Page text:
Rafael F. Callejo, co-founder of Tam Tam Go!  and co-author of 'Espaldas mojadas' or 'Manuel Raquel'

Rafael F. Callejo, co-founder of Tam Tam Go! and co-author of ‘Espaldas mojadas’ or ‘Manuel Raquel’

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Last Tuesday night, at the Madrid funeral home, Nacho and Javier Campillo sang, a cappella, blackbird, of the Beatles. It was in honor of his former groupmate Rafa Fernández Callejo, with whom they started and founded in 1987 Tam Tam Go!, one of the most personal and relevant bands of Spanish pop in the late eighties and nineties. “It was a spontaneous act. The atmosphere was logically very serious and sad, with his wife and his relatives devastated by him, and my brother and I chose that song because it was the first one Rafa taught me. In fact, he was the one who taught me to play the guitar. It was a wonder”, Nacho Campillo, voice and leader of Tam Tam Go! Rafa F. Callejo (Badajoz, 1957) has died at the age of 65 in Madrid, where he lived, from complications with bilateral pneumonia. Rafa was the founder of the group with the brothers Campillo and Javier Ortiz and co-author of classics such as wet swords either Manuel Rachel. He left the band in 1993 after participating in the first four albums, the most appreciated by the fans.

Campillo remembers when he met Callejo: “It was in Badajoz, when I was a teenager. When I started I played the bass and Rafa taught me to play the guitar. He was one of a kind. He knew all the Beatles songs. He took them out with ease because he was so talented.” They formed several groups, one called Tramp, with which they did covers, with the Beatles as the main source. Those were the times of playing at festivals in towns in Extremadura, where the locals had the custom of throwing “the musicians into the pylon” at the end of the show. “You can’t see how cold it was in there,” says Campillo.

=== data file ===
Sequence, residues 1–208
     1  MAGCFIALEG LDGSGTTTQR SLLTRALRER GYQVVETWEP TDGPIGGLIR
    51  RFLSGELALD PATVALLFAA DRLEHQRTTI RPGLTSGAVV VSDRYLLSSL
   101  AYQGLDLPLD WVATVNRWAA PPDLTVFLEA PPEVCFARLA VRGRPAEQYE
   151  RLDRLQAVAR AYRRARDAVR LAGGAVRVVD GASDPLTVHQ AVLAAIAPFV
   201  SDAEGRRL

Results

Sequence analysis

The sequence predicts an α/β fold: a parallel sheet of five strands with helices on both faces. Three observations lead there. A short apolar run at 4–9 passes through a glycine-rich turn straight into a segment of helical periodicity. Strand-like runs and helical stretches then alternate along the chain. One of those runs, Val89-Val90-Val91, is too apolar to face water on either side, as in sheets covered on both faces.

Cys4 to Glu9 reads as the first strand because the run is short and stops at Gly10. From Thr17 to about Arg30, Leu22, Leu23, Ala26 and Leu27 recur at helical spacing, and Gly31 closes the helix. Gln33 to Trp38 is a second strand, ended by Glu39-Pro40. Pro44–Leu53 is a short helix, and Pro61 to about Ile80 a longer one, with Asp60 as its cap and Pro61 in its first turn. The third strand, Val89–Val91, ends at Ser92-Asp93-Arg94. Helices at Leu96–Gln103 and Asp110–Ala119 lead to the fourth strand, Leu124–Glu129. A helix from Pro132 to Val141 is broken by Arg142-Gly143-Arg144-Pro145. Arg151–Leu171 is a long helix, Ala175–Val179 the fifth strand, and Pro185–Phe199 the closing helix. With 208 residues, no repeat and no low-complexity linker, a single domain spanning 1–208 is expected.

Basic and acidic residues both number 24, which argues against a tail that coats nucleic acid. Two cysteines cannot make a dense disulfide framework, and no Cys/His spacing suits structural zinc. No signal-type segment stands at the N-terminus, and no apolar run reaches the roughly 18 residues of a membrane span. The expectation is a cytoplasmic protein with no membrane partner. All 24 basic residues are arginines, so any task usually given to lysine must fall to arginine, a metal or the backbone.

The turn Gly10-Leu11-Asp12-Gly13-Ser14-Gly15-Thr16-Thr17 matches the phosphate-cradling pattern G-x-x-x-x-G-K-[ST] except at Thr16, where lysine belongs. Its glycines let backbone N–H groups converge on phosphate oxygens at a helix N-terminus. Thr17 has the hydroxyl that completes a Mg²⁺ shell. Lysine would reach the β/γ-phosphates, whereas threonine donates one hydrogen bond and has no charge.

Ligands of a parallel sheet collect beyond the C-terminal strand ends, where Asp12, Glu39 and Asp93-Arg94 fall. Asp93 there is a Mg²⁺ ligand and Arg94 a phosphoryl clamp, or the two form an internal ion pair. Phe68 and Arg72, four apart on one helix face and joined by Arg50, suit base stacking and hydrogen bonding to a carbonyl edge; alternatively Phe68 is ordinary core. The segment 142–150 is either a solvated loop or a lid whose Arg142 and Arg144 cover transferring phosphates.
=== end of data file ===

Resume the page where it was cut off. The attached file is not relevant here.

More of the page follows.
In 1987 they formed Tam Tam Go!, a different group within the barrage of Spanish pop-rock bands. Elegant, with a Latin touch, good instrumentalists, intelligent lyrics and a compact voice structure. They triumphed. They got on the train of the long summer tours, they played in Los 40 Principales, they lived to the fullest the good times of the music industry, when the effect of digital listening platforms was not intuited. Callejo was the most introverted, a notable instrumentalist who preferred to travel through his inner world rather than cultivate social relationships.

In 1993 and after years of exhausting tours and with the popularity of the band in decline, the group takes a break and Callejo decides to disassociate himself. “There was a lot of wear and tear and some discrepancies. Rafa wanted to sing and I already had an agreement to release a solo album”, says Campillo. The guitarist never returned to the band. He moved away from the front line of the musical world and dedicated himself to his Pharmacy studies. He was a high school teacher and later worked as a pharmacist.

“He played occasionally, although without a professional spirit. We met on occasion, but he hadn’t seen him for about ten years… until we found out about his death. It was a hard blow”, says the vocalist. Javier Campillo has written on his Facebook: “Dear Rafa, blessed is the time we spent together. Your hands were a gift from Tam Tam Go! own style full of personality. We are devastated… Rest in peace.”

Tam Tam Go! They are still active with the Campillo brothers at the helm. This 2022 they have released the album After 30 and tomorrow, Friday, August 19, they perform in Colmenar Viejo, Madrid. There, they announce, they will remember their partner. They will play in his honor blackbird, the song with which he began his story.

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